Roo smashes through window of family home
A KANGAROO has given a Melbourne family the fright of their life after it smashed through a window in their home in the middle of the night.
Mafi Ahokavo, his partner and his three-year-old son were sleeping in their Deer Park home when they were woken by an almighty crash, according to 9 NEWS.
Mr Ahokavo went to investigate the cause of the noise and was stunned to discover the kangaroo in his home.
"I haven't even seen a kangaroo in my life," he told 9 NEWS.
The distressed roo went on to break another window, scratch a car and damage some walls before the homeowner managed to lock it in the toilet.
Wildlife Victoria was called to the scene, and animal rescuer Manfred Zabinskas says when he arrived at the home the animal was "in a pretty bad way".
"He was laying down and didn't get up when I approached him, so we did sedate him because he was conscious and terrified," Mr Zabinskas said.
The kangaroo had lost a significant amount of blood due to lacerations on its body. It is currently recovering at a Wildlife Victoria shelter.
Mr Zabinskas said incidents such as this were not uncommon.
"Basically we've created a situation we've taken over their homes and they've got caught up in urban sprawl," he said.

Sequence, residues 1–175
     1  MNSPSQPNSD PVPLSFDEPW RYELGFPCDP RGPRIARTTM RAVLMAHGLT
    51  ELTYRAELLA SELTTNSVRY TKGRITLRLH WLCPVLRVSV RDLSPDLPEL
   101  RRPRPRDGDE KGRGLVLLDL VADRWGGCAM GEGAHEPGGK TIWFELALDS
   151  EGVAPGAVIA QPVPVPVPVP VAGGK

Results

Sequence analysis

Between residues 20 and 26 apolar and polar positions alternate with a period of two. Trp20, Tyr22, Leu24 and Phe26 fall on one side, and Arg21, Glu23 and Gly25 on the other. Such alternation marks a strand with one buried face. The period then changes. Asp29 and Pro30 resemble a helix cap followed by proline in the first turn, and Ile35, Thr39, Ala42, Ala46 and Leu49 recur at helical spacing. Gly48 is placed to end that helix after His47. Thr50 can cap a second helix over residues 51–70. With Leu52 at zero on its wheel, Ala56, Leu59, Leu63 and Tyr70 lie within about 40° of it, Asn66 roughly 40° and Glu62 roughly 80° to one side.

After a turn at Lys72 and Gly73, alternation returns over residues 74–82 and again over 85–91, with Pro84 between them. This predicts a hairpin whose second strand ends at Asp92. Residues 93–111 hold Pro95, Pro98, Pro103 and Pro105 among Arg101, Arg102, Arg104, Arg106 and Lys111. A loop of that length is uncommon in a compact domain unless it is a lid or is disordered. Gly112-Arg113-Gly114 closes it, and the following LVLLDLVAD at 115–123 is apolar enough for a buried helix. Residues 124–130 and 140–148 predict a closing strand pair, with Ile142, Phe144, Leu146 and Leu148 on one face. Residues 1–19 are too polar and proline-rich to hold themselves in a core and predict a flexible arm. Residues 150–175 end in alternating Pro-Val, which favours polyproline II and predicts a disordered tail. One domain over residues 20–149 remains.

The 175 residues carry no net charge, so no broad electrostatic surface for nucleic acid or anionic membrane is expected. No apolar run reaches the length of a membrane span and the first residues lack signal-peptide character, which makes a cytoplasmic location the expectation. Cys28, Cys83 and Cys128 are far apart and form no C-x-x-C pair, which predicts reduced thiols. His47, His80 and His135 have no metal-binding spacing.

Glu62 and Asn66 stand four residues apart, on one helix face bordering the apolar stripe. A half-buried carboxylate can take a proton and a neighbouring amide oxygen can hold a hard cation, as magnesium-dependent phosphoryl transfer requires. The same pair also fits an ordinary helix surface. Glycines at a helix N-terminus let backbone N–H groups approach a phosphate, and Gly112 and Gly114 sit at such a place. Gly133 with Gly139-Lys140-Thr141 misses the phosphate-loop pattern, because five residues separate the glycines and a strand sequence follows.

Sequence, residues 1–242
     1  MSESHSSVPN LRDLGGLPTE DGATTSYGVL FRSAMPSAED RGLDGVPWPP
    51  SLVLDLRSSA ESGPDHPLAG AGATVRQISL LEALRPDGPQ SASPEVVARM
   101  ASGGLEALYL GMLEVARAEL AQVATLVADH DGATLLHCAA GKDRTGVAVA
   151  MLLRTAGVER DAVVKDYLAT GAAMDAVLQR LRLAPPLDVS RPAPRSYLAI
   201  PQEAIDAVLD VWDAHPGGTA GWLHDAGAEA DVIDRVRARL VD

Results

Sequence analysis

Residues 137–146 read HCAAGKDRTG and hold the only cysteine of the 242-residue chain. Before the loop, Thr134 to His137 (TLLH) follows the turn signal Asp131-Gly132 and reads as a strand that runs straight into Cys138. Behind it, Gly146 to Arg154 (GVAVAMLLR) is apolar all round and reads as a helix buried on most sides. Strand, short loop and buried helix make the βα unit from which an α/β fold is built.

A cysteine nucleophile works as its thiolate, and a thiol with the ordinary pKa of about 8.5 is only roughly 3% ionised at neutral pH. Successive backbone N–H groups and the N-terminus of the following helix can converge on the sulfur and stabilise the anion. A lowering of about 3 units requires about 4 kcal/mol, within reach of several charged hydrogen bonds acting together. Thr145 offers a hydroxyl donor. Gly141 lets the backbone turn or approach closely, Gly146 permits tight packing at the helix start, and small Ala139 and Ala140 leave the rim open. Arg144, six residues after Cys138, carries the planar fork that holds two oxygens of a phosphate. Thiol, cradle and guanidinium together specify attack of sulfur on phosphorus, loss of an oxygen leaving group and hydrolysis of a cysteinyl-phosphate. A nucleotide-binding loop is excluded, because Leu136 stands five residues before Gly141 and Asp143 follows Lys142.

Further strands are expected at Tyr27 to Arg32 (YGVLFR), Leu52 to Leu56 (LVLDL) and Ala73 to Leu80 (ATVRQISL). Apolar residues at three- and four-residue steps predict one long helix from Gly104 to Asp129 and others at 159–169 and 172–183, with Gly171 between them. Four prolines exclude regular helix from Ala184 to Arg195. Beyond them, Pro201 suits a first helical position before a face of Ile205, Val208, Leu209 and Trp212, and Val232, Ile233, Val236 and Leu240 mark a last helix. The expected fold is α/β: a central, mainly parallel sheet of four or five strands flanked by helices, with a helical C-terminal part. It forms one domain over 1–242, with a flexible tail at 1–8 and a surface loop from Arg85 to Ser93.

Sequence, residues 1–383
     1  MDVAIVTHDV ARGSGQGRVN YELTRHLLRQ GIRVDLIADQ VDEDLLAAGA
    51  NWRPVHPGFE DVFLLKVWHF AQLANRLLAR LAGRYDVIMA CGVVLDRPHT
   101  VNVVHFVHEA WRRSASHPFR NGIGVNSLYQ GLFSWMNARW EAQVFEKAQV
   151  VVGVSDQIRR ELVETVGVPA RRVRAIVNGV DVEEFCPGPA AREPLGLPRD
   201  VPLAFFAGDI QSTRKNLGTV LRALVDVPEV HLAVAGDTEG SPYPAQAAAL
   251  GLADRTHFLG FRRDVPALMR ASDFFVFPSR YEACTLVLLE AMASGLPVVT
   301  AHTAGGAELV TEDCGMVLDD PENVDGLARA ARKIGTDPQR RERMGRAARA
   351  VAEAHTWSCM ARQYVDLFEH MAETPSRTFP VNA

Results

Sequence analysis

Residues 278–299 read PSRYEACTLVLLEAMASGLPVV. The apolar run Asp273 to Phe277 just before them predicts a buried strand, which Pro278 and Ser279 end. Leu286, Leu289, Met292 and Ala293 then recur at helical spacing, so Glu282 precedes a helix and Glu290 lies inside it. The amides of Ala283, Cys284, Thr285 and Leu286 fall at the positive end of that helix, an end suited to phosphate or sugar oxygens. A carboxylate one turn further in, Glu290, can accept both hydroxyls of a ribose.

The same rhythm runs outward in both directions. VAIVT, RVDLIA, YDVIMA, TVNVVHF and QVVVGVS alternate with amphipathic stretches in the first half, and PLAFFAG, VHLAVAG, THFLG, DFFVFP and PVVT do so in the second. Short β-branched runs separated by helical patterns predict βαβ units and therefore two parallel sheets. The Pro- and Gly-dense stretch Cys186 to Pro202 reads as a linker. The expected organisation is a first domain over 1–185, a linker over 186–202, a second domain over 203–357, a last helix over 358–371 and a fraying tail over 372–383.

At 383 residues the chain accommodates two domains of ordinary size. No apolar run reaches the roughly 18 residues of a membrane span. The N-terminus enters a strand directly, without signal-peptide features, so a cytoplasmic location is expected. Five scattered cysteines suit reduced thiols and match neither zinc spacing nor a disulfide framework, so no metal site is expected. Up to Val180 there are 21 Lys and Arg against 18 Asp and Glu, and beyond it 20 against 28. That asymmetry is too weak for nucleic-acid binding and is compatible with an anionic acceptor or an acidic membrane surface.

"We're shifting into the few areas left where our kangaroos are living."
It's not just Melbourne residents noticing an increase of roos in their backyard (and in this case, homes).
Journalist Ginger Gorman highlighted the prevalence of Kangaroos in residential parts of Canberra in an article today.
Director of ACT Parks and Conservation, Daniel Iglesias, said: "It's a perfect storm of hardship for kangaroos in the Canberra region at the moment.
"Winter is seasonally difficult for kangaroos as there is little feed, but this year (there has been) very dry conditions, coupled with some record cold nights.
"Frosts dry grasses out," he added, which exacerbated the problem of roo food being scarce.
"Kangaroos are travelling further than usual for food and they are forced to consider ovals, front yards, laneways and roadsides to find some green grass," Mr Iglesias said.